News Release 14-102
Enabling a new future for cloud computing
NSF awards $20 million to two new testbeds to support cloud computing applications and experiments
August 20, 2014
This material is available primarily for archival purposes. Telephone numbers or other contact information may be out of date; please see current contact information at media contacts.
The National Science Foundation (NSF) today announced two $10 million projects to create cloud computing testbeds--to be called "Chameleon" and "CloudLab"--that will enable the academic research community to develop and experiment with novel cloud architectures and pursue new, architecturally-enabled applications of cloud computing.
Cloud computing refers to the practice of using a network of remote servers to store, manage and process data, rather than a local server or a personal computer. In recent years, cloud computing has become the dominant method of providing computing infrastructure for Internet services.
While most of the original concepts for cloud computing came from the academic research community, as clouds grew in popularity, industry drove much of the design of their architecture. Today's awards complement industry's efforts and will enable academic researchers to experiment and advance cloud computing architectures that can support a new generation of innovative applications, including real-time and safety-critical applications like those used in medical devices, power grids, and transportation systems.
These new projects, part of the NSF CISE Research Infrastructure: Mid-Scale Infrastructure - NSFCloud program, continue the agency's legacy of supporting cutting-edge networking research infrastructure.
"Just as NSFNet laid some of the foundations for the current Internet, we expect that the NSFCloud program will revolutionize the science and engineering for cloud computing," said Suzi Iacono, acting head of NSF's Directorate for Computer and Information Science and Engineering (CISE). "We are proud to announce support for these two new projects, which build upon existing NSF investments in the Global Environment for Network Innovations (GENI) testbed and promise to provide unique and compelling research opportunities that would otherwise not be available to the academic community."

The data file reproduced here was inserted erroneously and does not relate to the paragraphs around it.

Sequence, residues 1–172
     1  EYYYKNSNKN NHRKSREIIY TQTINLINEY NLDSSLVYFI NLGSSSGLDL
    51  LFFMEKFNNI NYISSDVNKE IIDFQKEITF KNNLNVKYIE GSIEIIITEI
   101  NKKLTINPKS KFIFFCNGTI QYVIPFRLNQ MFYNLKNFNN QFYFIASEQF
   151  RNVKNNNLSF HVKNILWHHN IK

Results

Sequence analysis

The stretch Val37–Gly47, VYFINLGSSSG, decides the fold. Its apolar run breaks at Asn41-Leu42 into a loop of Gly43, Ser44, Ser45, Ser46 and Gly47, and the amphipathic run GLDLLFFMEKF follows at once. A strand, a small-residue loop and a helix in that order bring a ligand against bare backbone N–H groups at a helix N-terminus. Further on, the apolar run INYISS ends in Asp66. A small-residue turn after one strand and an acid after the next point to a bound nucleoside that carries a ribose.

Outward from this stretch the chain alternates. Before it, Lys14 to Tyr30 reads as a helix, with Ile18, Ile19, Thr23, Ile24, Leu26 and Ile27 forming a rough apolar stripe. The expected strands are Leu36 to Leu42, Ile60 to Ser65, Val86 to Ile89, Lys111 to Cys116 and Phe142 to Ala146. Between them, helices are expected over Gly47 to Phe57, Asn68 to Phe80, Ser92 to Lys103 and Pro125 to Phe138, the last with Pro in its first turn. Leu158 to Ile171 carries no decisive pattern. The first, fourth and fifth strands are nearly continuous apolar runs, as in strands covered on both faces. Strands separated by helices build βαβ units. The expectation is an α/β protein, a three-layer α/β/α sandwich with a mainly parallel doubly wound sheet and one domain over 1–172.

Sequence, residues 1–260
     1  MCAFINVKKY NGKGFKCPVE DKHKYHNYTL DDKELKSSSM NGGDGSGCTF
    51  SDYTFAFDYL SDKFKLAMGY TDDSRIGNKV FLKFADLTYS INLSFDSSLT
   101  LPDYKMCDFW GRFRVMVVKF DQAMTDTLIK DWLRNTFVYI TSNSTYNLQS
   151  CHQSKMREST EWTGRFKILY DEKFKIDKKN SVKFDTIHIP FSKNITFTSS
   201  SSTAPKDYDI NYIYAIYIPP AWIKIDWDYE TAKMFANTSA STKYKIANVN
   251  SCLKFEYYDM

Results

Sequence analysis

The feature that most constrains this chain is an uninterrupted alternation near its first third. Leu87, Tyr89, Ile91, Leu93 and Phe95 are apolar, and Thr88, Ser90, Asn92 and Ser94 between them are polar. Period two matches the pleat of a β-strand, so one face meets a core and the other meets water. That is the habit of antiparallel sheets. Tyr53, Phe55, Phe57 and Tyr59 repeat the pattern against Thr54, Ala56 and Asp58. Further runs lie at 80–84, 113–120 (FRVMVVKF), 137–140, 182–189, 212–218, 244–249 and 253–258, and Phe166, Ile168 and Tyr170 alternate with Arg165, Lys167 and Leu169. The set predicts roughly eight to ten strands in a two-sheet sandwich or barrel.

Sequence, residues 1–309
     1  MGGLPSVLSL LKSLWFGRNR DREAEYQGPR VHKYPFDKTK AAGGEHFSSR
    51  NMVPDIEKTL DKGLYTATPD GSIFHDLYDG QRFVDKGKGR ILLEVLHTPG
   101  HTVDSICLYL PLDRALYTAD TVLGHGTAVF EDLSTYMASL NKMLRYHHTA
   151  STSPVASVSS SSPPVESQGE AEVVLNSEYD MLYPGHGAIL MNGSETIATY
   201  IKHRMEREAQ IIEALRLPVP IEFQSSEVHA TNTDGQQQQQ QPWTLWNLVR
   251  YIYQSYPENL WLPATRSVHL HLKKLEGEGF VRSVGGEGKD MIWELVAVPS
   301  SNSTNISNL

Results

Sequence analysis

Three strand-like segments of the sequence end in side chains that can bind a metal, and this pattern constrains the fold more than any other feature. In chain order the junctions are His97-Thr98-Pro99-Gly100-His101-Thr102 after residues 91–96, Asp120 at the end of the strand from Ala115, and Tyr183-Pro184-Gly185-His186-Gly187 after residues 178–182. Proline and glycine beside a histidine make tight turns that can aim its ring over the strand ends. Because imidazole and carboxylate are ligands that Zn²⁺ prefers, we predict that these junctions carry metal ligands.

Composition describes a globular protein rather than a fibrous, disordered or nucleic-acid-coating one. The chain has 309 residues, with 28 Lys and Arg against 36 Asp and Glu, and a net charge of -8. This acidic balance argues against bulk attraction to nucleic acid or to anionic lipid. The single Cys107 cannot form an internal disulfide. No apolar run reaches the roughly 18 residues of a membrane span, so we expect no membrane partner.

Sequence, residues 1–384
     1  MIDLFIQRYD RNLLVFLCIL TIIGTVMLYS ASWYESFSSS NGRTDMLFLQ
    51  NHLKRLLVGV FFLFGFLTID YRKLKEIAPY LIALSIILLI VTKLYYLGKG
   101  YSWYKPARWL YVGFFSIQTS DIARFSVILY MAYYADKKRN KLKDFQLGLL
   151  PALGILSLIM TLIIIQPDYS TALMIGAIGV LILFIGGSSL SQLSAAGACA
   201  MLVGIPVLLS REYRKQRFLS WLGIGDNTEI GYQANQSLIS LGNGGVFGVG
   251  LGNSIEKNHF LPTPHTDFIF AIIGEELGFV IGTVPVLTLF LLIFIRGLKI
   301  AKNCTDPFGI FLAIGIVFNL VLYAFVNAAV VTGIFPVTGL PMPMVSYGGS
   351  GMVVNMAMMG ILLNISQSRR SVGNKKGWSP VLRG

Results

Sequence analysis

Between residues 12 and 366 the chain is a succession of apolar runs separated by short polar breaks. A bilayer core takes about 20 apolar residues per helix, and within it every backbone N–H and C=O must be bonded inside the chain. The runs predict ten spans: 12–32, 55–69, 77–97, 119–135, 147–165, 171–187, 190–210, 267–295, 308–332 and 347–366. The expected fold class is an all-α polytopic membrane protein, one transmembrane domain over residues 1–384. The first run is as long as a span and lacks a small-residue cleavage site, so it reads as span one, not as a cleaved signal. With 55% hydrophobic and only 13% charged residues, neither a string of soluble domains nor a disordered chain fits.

The first of the NSFCloud projects will support the design, deployment and initial operation of "Chameleon," a large-scale, reconfigurable experimental environment for cloud research, co-located at the University of Chicago and The University of Texas at Austin.
Chameleon will consist of 650 cloud nodes with 5 petabytes of storage. Researchers will be able to configure slices of Chameleon as custom clouds using pre-defined or custom software to test the efficiency and usability of different cloud architectures on a range of problems, from machine learning and adaptive operating systems to climate simulations and flood prediction.